Mar. 28, 2017 - Atlanta - Rep. Bert Reeves, R - Marietta, presents SB 1. Today's legislation included a measure to allow guns onto any campus in GeorgiaÕs public college and university system, which passed the Georgia Senate, and the Houlse overwhelmingly approved a compromise that would expand the list of disorders eligible for treatment under the stateÕs nascent medical marijuana program. The 39th legislative day of the 2017 General Assembly. BOB ANDRES /BANDRES@AJC.COM
Photo: Bob Andres/bandres@ajc.com
Photo: Bob Andres/bandres@ajc.com

Georgia House votes down Senate ‘domestic terrorism’ bill

The Georgia House voted late Tuesday -- not once, but twice -- to reject a Senate measure that would broaden and strengthen the state’s domestic terrorism laws. 

The first vote on passage of Senate Bill 1, one of that chamber’s top priorities for the year, was 85-83. It takes 91 votes to pass a bill in the House. After a procedural vote to revive the bill, the House then voted 84-83 to pass SB 1. 

That measure is now dead, although it can be added to another measure before lawmakers quit for the year on Thursday. 

The bill’s sponsor is Senate Majority Leader Bill Cowsert, R-Athens, and was a top priority of  Senate GOP leadership. Lt. Gov. Casey Cagle accused the House of making Georgians less safe. 

“Less than one week after a deadly terrorist attack struck London, and in the wake of countless acts of terrorism at home and abroad, 83 members of the House declined to approve a measure to enhance Georgia’s defense against potential terrorist threats,” Cagle said. “I will not give up on protecting our citizens and we can never subject the safety and security of Georgians to political gamesmanship.”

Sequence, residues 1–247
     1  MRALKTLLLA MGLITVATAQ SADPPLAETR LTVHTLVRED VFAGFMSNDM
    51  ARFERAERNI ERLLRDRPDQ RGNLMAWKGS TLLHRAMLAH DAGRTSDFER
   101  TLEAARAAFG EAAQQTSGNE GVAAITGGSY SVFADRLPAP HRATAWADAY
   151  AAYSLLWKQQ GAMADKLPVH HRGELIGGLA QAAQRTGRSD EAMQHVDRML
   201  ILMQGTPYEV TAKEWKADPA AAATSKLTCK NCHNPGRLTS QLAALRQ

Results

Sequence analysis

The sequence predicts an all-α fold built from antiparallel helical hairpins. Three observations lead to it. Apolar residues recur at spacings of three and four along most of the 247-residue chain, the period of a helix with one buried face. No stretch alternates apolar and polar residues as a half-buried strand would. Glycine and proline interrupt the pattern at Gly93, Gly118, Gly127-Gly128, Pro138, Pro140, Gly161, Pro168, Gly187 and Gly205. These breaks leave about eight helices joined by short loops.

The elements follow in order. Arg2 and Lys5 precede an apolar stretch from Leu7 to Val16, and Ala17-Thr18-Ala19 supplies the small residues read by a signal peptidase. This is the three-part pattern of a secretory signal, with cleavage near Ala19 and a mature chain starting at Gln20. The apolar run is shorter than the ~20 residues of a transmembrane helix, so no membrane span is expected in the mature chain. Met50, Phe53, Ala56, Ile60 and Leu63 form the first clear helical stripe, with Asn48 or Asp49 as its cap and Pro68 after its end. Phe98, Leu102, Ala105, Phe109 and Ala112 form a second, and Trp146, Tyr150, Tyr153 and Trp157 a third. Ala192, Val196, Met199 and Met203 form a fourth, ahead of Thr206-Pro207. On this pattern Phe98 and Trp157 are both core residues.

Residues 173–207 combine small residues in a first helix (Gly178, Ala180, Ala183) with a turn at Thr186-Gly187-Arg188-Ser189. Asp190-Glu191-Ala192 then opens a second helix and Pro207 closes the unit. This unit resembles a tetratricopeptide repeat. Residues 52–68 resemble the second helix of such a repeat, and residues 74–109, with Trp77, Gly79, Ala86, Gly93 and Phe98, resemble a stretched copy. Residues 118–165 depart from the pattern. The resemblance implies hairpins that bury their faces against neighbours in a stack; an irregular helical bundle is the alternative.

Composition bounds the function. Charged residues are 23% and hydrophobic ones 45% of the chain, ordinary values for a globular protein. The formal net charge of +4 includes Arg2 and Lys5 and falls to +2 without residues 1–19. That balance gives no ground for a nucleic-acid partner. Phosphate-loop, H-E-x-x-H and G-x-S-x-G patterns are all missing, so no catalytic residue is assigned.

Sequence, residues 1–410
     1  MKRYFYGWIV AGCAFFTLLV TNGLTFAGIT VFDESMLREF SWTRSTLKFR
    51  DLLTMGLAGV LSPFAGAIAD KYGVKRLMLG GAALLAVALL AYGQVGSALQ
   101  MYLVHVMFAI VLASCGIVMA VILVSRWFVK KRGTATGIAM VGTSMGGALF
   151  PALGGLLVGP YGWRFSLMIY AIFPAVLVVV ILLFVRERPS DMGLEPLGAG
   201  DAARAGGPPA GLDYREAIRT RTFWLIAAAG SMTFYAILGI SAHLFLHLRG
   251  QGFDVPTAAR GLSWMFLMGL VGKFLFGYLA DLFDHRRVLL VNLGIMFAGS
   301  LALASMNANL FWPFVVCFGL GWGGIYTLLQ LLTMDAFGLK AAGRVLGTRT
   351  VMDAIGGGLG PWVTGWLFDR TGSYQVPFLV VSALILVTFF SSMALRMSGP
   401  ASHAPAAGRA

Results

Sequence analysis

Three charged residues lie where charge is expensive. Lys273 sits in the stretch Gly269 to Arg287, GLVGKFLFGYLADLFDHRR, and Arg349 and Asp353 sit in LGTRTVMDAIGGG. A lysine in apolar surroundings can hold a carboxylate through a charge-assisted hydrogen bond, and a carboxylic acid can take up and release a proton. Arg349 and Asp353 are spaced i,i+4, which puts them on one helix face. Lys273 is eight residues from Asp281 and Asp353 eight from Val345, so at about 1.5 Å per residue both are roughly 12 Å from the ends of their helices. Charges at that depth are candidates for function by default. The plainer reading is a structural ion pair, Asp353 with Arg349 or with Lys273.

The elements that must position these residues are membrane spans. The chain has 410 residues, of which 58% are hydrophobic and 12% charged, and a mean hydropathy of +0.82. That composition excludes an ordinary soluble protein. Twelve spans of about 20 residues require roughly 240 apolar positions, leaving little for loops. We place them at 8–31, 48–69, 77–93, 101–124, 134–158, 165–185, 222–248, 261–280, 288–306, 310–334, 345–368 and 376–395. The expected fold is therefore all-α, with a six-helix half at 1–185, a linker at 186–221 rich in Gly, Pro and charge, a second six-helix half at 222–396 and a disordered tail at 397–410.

SB 1 would classify a crime as “domestic terrorism” if it is a felony that causes bodily harm or death, or the disabling or destruction of “critical infrastructure” that results in major economic losses. It would also have to be proven the crime was intended to intimidate residents or to change public policy. 

Rep. Bert Reeves, R-Marietta, the bill’s sponsor in the House, said attacks over the past several years in Orlando, Charleston and elsewhere spurred the need for the bill. 

“Per Georgia law right now today those events those horrific acts would not qualify under Georgia law as domestic terrorism,” he said. “This issue has to be addressed.”

But others worried the bill’s mandatory prison sentences were too stiff, that the definition of domestic terrorism could capture peaceful protesters and have other unintended consequences. 

Still, Rep. Bob Trammell, D-Luthersville, said, the bill that came out of House committee was far superior to the one the Senate originally passed. 

“I’d thank my colleagues on Judiciary Non Civil for the outstanding work that they did to take a terrifying bill and just make it scary,” Trammell said. 

Staff writer Kristina Torres contributed.

The March 24th edition of Georgia Legislative Week in Review with Aaron Gould Sheinin, Kristina Torres and the Phrase of the Week by James Salzer. Video by Bob Andres / bandres@ajc.com

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